The Bioethics Observatory has addressed this issue on more than one occasion, attempting to argue the different bioethical aspects that come into play, and that, due to the current news referred to herein, is worth discussing again.
According to the recently deceased Dr. Justo Aznar, former director of the Bioethics Observatory in Valencia, “the problem begins when some aim to capitalize on emotionally charged isolated episodes and great media coverage for political ends that, conveniently, seek to raise awareness and educate society. Allowing one of its members to cause the death of another in a society under certain exceptions is a progressive erosion of the inviolable nature of human life and of the rights that protect it. If in “some cases” one could dispose of one’s own life or that of others, it would be claiming that human life can be devalued and lose the unconditionality of its respect.
Socially and legally, a paradigm shift would take place since, under certain situations of suffering, it would be accepted that life can be violated, and its violation would constitute a right. But no life is unworthy and therefore violable because of the suffering it endures. Human life will always be a good, even if the person is sick. What represents an evil is the resulting suffering that must be given meaning, reduced as far as possible, eliminated, supporting those who suffer and those who accompany them to avoid arriving at the sad situation of thinking that it is no longer worth living by taking the worst of decisions”.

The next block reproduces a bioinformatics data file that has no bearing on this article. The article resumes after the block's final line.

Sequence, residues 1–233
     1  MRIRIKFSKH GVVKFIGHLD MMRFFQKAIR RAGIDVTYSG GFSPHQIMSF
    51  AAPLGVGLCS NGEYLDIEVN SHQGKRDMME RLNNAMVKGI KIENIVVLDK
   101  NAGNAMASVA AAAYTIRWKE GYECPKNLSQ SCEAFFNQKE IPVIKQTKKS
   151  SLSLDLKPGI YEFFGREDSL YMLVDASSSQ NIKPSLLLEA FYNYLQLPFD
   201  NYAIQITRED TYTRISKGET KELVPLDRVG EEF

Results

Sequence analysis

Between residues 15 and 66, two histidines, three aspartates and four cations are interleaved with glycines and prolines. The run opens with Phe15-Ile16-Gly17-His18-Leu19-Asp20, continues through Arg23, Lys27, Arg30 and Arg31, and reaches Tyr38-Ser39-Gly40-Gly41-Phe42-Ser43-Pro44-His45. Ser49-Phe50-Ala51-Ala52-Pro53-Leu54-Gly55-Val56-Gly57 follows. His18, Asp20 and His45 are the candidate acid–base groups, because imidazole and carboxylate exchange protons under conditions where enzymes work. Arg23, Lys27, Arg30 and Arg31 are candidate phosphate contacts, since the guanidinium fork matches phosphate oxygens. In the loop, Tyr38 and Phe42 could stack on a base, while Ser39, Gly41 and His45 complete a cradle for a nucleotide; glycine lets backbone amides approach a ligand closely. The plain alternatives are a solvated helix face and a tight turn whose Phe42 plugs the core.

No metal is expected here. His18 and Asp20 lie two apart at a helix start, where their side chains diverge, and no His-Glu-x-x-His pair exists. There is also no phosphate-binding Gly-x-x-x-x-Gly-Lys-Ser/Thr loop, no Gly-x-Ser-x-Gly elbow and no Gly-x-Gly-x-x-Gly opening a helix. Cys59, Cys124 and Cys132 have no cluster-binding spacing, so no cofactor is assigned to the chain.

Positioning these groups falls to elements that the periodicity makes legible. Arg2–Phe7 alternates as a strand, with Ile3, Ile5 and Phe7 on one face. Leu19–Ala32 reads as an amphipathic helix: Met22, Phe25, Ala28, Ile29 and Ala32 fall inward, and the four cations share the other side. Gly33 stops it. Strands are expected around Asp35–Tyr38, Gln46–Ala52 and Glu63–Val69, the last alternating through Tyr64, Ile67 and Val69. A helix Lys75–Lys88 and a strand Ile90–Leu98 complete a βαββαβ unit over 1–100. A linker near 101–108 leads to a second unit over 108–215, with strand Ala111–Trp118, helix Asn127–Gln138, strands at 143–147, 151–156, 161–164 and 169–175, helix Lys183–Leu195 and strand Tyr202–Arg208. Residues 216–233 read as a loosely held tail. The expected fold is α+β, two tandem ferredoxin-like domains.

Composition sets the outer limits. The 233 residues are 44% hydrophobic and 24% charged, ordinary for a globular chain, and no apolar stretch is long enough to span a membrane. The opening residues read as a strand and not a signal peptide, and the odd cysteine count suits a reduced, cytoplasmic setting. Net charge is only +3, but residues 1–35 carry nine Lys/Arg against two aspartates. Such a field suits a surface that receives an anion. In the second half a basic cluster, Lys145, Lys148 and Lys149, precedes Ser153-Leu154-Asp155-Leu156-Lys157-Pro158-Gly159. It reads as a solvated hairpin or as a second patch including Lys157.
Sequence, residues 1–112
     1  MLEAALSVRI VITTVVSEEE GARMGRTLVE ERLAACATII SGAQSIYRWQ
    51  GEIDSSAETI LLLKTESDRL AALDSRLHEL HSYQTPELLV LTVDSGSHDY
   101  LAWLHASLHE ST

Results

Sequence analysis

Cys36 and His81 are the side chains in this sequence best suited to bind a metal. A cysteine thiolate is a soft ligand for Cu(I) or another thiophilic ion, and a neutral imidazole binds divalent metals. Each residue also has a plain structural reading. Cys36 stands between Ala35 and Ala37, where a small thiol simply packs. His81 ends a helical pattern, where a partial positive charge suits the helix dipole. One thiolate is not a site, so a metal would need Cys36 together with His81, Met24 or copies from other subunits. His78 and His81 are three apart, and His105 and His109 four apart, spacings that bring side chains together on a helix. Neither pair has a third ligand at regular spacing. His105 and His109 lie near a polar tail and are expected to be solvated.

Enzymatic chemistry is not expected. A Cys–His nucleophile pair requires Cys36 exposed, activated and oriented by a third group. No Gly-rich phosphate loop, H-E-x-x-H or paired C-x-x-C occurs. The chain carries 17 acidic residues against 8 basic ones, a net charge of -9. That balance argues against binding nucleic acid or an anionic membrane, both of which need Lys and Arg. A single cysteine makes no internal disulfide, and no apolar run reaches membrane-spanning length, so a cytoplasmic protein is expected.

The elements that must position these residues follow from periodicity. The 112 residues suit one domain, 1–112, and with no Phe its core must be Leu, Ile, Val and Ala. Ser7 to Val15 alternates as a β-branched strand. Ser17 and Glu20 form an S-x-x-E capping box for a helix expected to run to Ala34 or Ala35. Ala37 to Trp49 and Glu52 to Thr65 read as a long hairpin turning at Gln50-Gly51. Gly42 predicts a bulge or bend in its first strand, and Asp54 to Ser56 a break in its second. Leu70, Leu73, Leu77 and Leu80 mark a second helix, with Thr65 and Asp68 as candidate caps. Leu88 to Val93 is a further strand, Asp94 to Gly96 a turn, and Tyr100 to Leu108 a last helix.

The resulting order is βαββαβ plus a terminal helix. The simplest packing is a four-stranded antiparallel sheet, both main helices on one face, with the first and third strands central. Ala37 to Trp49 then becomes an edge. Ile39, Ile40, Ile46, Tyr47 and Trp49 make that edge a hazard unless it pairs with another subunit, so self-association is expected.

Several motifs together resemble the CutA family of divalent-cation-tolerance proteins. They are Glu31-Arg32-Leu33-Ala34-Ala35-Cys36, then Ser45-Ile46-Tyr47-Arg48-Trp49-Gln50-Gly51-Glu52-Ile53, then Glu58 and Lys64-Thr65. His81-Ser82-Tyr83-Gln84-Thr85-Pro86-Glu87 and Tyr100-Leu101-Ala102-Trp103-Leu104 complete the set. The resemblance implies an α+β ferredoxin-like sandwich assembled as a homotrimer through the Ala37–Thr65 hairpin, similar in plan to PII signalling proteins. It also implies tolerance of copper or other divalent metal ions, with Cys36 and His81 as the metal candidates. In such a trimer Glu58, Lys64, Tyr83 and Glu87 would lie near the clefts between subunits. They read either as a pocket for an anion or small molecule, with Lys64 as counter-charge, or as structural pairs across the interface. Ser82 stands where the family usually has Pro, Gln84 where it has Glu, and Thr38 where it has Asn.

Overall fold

According to Aznar, “when a door is opened in bioethics, we know what is going to happen at the time, but we don’t know what is going to come next, and it is very difficult to close it again”. “This is not a conjecture by those of us who are against euthanasia; we have data from the two sociological laboratories that have been and are the Netherlands and Belgium on this issue, and we know how far they have gone. Euthanasia has already been accepted for children, infants, or people with psychiatric disorders, dementia, or mental disability. This slippery slope can eventually lead to euthanasia being applied to people who do not request it, so-called involuntary euthanasia. This is happening in the Netherlands, where between 0.4% and 0.7% of euthanasia cases were of this type, or in Belgium where most of the people over 80 years of age who were euthanized had not requested it”.
It seems that the slope mentioned by Dr. Aznar might not only pave the way to request euthanasia in situations not originally covered by the legal framework of the countries in which it is legalized, but it may also become the gateway to legal regulation in countries where it has not yet been considered.
From this Bioethics Observatory, we again urge all European agencies not to give in to liberalizing pressures toward euthanasia and to promote the widespread introduction of quality palliative care, providing the human and material resources for its implementation, given the well-established experience that comprehensive palliative care is the best way to address the suffering inherent in incurable or end-of-life disease, which leads the vast majority of patients who demand euthanasia to desist from proceeding.
This is the proper way to dignify life, address suffering and vulnerability, and to humanize medicine and care.
Nuria Aznar and Cristina Castillo
Institute of Life Sciences
Catholic University of Valencia